Darrell Ehrlick

(Daily Montanan) Data released by the Montana Department of Public Health and Human Services after demands by Democrats in the Legislature show that Montanans are losing Medicaid health insurance at a rate higher than expected, and many of those people are children and Native Americans. Moreover, the report shows that majority of Montanans losing health coverage is due to administrative reasons, like incomplete paperwork, not necessarily because they no longer qualify.

In recent months, Democrats have demanded more data from the DPHHS, voicing concerns about the high rate of people being disenrolled from the federal program. Department chief Charlie Brereton pushed back in some of those meetings saying that his department didn’t have adequate staff to handle the requests.

However, in a dataset released this week by department, it shows that more than 127,000 residents have lost coverage, a number much higher than projected by federal government officials and other healthcare organizations. Many of those kicked off coverage are children and Native Americans, the data shows.

Montana is both similar to and different from other states during the Medicaid “unwinding” process. Unwinding refers to the process of redetermining eligibility for the federal health insurance after the COVID-19 pandemic sent numbers of Medicaid-eligible residents rising rapidly. After the national emergency concluded, states could restart the process of redetermination — or seeing if residents still qualified for the program.

Montana added an extra layer when the 2021 Legislature also ceased the “continuous eligibility” period the state had adopted since Medicaid’s expansion in the Treasure State. Continuous eligibility meant that once a resident qualified for Medicaid, they were covered for as long as a year without needing to reverify that they still met the requirements. However, fears about abuse or fraud in the Legislature led the Republican supermajority to change to a faster redetermination cycle, meaning state officials could essentially recheck eligibility more than once per year.

Initially, the Kaiser Family Foundation projected the number of people who would lose coverage after the “disenrollment” process began following the end of COVID. Because state demographics varied widely, KFF estimated between 8% and 28% would lose coverage. In Montana, KFF estimated that would translate to approximately 59,000 people. Montana’s numbers have more than doubled that estimate.

According to the state, 68,924 adults were added to Montana’s Medicaid rolls, and that same data shows that around 90% have lost coverage in the previous year.

The combination of those changes has led to Montanans being booted from the program at a much higher rate. The numbers released by the DPHHS this week show how deeply those programs have been cut, worrying Democrat lawmakers. Among the statistics that legislative leaders highlighted was the high percentage of people who have lost coverage due to an administrative reasons — likely incomplete or missing paperwork.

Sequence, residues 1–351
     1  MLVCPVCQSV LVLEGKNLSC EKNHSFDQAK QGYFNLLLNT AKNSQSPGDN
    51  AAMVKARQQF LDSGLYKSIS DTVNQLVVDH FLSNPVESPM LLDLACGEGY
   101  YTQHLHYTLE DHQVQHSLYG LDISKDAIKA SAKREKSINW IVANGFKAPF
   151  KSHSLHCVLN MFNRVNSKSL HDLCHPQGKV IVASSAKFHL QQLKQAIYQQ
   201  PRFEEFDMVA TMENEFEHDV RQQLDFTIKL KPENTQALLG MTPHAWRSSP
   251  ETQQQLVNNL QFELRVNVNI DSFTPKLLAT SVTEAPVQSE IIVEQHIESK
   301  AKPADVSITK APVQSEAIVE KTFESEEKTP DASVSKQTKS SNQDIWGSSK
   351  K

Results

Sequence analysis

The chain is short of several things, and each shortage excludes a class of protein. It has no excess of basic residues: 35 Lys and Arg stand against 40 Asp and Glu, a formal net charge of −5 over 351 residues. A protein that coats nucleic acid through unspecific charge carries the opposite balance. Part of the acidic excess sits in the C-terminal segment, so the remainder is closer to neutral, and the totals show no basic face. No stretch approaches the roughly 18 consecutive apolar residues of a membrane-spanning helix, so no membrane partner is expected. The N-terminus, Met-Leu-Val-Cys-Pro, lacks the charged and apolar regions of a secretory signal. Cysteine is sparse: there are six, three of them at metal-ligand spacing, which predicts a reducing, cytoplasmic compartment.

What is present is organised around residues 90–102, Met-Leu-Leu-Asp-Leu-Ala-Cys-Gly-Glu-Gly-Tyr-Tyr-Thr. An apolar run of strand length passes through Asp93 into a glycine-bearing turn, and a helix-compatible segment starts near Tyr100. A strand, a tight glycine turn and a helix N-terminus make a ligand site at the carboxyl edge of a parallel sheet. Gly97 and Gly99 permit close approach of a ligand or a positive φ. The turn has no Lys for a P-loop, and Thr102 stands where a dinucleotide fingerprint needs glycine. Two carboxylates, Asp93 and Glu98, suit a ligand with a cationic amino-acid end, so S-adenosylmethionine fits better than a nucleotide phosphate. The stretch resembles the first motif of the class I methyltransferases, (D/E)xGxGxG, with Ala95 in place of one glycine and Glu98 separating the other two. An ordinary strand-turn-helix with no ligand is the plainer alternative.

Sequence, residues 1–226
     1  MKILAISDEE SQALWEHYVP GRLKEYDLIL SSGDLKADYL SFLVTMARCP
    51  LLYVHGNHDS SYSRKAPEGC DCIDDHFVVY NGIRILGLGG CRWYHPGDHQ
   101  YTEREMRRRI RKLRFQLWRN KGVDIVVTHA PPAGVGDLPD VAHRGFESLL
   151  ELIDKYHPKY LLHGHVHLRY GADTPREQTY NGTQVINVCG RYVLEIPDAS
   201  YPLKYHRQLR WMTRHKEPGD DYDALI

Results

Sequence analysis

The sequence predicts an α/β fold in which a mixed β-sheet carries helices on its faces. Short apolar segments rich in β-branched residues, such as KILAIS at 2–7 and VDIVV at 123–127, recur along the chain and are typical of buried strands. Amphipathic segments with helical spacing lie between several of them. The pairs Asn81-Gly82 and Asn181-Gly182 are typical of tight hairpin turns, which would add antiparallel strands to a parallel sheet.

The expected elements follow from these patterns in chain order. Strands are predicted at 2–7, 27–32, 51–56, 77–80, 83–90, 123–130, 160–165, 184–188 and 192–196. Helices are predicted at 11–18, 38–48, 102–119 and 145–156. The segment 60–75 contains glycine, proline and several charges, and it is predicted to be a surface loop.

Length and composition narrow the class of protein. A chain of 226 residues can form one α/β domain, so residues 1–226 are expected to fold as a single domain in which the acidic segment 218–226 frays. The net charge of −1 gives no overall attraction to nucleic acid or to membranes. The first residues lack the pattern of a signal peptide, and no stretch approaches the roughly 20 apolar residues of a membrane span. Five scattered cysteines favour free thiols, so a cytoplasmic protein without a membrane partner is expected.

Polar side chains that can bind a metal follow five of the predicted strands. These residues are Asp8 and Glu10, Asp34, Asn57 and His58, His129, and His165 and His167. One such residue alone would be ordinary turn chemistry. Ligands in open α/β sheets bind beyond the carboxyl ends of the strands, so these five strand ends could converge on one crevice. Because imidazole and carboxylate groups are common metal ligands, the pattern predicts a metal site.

According to federal Centers for Medicaid and Medicare statistics, Montana determined that 5,936 residents were ineligible for Medicaid during the month of November, the last month for which the federal government has statistics, and that 4,925 — or 83% — were cut from the program because of administrative reasons.

During the past year, 35,797 kids have lost insurance coverage and 12,781 Native Americans lost coverage as well.

“For months, Democrats have urged the Governor to fix his deeply-flawed process for redetermining Medicaid eligibility, or risk tens of thousands of Montanans losing health care coverage they still qualify for,” said House Minority Leader Kim Abbott, D-Helena. “Now we see how the burden of his carelessness is falling hardest on Native folks, children, and seniors. His failure of leadership is devastating for Montana families, for our healthcare system, and for our entire state.”

Representatives for the Montana Department of Public Health and Human Services did not respond to inquiries for comment from the Daily Montanan.

According to CMS, 53% of people nationally who went through the redetermination process were approved in November, with only 15% being denied because of an administrative reason. In Montana, only 33% of residents were approved with 25% being denied because of an administrative reason.

Nationally since the end of the COVID emergency, 52% of people who went through the redetermination process have been eligible and only 18% have been denied because of an administrative problem.

Data from CMS also shows that concerns about the state’s call center, which helps renew or assess Medicaid eligibility, has not significantly improved, despite a public outcry in which Montanans said they had waited for hours on hold at a call center, only to be disconnected when the system “timed out.” Some Montanans have reported being on hold for hours, or even days — a problem that DPHHS said would resolve itself after the initial wave of redeterminations were completed.

However, a comparison a federal data shows little improvement. For example, in July 2023 Montana’s call volume was at 27,946 with an abandonment rate of 44% — meaning that nearly half of the people were disconnected or hung-up before speaking with a representative. The average call wait time was 31 minutes.

Call volume in Montana increased in November to 36,640 calls, with an average wait time of 30 minutes and an abandonment rate of 38%.

Montana ranked No. 46 among all states for average call-center wait time with only New Mexico, Florida, Nevada, Tennessee and Missouri being worse. And only Florida and Missouri had a higher percentage of abandoned calls.